According to industry estimates, in India, older coal-fired power plants utilising open loop cooling systems consume around 80-160 cubic metres of water per MWh of electricity generated. Meanwhile, closed loop cooling plants use 2.8-3.4 cubic metres of water per MWh, which is double the global average of 1.2-1.5 cubic metres of water per MWh. The implementation of dry cooling technology could potentially reduce water use intensity significantly to 0.45-0.65 cubic metres of water per MWh, but it comes with a higher cost. While the OTC system is cost-effective and has low water consumption, it involves high withdrawal rates and causes thermal pollution in the receiving waterbody. In order to optimise water use in a power plant, the use of dry cooling systems is gaining prominence. Dry cooling systems can be either direct, where the steam is condensed in an air-cooled condenser, or indirect, where cooling water is used to condense the turbine steam in a conventional surface condenser or a contact condenser. However, dry cooling technology reduces power production by approximately 7-8 per cent, and also entails higher costs.
One of the key emerging technologies is the air-cooled condenser (ACC), which is a dry cooling system that condenses steam inside air-cooled finned tubes. Power plants equipped with ACCs do not require a large volume of cooling water, making them suitable for water-scarce regions. While ACCs are expensive, they reduce the water intensity to 0.45-0.65 cubic metres of water per MWh. Notably, in March 2023, NTPC Limited successfully commissioned India’s first ACC at the 660 MW unit of the North Karanpura super TPP in Jharkhand. The North Karanpura super TPP is equipped with a direct ACC, A-frame configuration with single-row, flat-finned tubes and mechanical ventilation. This project is expected to save around 30.5 million cubic metres of water annually. Following this, NTPC plans to focus on the installation of a second ACC at its under-construction Patratu super TPP. One of the challenges in the adoption of ACCs is the use of many imported components, which hampers cost competitiveness.
One key aspect of water conservation in cooling systems involves increasing the cycles of concentration (CoCs) of cooling water. By elevating the CoCs, the quantity of blowdown and make-up water required can be reduced. While many systems currently operate at two to four CoCs, it is possible to achieve six cycles or more. Transitioning from three to six cycles, for instance, can lead to a 20 per cent decrease in cooling tower make-up water, and a 50 per cent reduction in cooling tower blowdown. The blowdown water generated by cooling towers contains various salts such as sodium sulphate, sodium chloride, calcium, magnesium and bicarbonates. To mitigate this, a cooling tower blowdown treatment plant is employed, which helps minimise corrosion within the blowdown system, and releases cleaner water into the environment.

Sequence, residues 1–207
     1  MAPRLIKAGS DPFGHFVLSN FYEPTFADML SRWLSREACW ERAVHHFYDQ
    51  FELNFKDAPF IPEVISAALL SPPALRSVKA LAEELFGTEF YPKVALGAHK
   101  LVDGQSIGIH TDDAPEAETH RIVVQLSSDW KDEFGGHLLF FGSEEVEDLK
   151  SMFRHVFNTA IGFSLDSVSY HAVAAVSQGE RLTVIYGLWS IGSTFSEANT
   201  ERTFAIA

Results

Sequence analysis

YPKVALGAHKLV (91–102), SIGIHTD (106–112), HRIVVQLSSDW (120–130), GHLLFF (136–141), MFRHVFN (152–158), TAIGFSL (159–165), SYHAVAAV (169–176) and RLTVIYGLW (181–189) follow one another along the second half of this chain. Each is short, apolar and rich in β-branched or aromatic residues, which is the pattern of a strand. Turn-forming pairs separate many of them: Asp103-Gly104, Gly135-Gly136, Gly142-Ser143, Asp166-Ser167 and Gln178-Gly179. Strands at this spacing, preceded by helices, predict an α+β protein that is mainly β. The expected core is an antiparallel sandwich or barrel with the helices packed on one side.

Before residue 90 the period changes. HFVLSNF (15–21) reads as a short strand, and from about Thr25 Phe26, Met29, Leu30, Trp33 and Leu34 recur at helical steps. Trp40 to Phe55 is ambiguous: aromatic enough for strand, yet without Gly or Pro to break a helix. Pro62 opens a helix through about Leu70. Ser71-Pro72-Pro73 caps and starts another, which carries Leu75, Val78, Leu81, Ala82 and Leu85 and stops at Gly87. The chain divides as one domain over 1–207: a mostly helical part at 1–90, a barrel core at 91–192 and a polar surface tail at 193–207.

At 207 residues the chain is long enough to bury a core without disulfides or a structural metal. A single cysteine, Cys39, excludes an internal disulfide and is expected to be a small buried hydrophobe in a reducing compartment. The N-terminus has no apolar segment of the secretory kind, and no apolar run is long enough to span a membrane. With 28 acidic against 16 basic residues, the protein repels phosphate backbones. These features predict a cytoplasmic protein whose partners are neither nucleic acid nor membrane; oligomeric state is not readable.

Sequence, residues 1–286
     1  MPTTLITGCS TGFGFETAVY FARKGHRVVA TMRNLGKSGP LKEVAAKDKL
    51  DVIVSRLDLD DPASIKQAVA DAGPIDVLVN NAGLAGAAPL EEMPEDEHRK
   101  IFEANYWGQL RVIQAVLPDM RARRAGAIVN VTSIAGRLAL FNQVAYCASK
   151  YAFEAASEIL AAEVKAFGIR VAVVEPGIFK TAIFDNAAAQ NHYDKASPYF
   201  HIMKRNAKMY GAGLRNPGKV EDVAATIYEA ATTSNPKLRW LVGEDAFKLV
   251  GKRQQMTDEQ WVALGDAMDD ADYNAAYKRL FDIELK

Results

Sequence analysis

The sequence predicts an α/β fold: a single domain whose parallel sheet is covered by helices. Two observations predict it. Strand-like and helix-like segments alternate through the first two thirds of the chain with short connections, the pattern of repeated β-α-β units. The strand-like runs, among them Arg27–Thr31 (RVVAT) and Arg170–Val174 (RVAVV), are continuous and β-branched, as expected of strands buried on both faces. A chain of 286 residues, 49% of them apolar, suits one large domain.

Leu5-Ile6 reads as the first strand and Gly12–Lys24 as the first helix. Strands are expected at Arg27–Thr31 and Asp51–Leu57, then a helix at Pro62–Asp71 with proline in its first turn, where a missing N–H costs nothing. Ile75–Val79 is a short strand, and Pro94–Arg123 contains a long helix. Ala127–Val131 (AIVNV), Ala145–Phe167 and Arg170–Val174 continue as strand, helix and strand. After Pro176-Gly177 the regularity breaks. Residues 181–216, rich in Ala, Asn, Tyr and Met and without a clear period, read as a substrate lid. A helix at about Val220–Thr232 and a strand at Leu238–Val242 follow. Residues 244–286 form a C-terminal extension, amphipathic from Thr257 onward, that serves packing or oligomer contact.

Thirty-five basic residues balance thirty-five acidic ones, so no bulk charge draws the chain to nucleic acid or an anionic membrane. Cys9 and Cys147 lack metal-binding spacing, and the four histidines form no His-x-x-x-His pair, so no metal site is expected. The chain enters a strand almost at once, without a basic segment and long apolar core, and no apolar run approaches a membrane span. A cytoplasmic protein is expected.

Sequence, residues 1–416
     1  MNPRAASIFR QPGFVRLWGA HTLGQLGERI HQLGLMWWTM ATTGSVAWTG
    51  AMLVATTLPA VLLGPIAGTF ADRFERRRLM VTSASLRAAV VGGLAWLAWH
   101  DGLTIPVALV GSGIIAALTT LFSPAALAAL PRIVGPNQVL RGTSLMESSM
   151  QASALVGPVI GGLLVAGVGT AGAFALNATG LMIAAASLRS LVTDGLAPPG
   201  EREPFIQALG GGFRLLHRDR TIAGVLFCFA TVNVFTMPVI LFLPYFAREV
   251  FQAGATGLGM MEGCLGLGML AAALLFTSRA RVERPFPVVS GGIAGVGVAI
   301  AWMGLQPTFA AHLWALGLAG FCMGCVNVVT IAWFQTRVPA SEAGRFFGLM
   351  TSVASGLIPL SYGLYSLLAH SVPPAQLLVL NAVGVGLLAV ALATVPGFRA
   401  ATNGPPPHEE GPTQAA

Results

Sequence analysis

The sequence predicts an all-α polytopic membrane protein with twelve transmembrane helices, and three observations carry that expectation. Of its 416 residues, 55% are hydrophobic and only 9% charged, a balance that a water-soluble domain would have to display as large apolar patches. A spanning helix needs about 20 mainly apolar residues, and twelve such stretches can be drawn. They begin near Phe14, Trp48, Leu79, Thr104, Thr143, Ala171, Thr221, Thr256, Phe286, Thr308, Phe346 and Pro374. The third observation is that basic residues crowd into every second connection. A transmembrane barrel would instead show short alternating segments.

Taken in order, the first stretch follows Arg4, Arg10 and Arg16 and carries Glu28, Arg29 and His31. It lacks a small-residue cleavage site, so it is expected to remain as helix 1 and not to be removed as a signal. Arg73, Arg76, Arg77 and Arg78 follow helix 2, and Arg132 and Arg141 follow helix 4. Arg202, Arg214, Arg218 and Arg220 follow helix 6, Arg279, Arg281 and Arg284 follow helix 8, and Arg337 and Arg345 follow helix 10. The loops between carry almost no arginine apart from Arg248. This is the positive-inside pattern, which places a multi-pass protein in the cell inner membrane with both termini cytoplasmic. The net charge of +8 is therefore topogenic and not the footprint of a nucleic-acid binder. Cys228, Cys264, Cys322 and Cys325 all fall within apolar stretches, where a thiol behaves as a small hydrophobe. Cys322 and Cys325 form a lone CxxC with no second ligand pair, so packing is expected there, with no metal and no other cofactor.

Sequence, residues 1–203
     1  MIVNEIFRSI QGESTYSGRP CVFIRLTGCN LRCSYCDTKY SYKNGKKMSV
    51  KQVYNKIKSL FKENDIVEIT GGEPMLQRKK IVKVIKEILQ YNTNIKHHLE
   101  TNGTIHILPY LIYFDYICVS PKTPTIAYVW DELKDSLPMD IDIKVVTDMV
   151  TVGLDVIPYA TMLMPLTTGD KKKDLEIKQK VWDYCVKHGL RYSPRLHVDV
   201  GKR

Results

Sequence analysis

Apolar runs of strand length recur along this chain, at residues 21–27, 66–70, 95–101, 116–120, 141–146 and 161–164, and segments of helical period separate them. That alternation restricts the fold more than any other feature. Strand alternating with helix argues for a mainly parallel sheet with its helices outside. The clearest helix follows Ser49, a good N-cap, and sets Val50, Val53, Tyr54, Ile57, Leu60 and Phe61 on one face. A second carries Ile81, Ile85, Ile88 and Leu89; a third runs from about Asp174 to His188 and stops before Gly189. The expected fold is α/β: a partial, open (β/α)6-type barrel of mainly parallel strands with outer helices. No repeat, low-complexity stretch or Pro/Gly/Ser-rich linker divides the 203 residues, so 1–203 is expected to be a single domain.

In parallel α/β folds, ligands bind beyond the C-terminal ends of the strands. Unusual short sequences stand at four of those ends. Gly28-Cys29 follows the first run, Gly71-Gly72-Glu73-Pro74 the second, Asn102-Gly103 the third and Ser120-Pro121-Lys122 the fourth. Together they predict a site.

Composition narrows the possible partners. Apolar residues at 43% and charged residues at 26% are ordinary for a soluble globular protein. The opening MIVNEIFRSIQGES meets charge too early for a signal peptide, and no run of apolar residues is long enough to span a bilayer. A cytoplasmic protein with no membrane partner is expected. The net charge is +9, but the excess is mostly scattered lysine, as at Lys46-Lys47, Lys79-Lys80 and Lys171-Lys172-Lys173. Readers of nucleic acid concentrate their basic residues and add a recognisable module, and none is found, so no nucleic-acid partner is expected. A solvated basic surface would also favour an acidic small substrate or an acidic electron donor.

The TPPs are increasingly becoming zero liquid discharge (ZLD), wherein an advanced wastewater treatment technology is being deployed to purify and recycle all the wastewater generated from TPPs in order to make it suitable for reuse. A ZLD system encompasses a variety of technologies aimed at recovering, recycling and reusing treated wastewater. By implementing ZLD, the discharged water is effectively recycled back into the plant. This system ensures that all wastewater is either retained on-site or reduced to solids through concentration and thermal evaporation methods. Some examples of water-efficient ZLD plants are CSEC’s Budge Budge power plant, located in West Bengal, and JSW Energy’s Torangallu Bellary power plant, situated in Karnataka.
The way forward
Promoting the efficient and optimal utilisation of water resources by power plants is not only environmentally beneficial, but also advantageous for the sustainable operation of TPPs. That said, by prioritising water conservation practices, TPPs can address the pressing water challenges faced by communities, while ensuring their own long-term viability.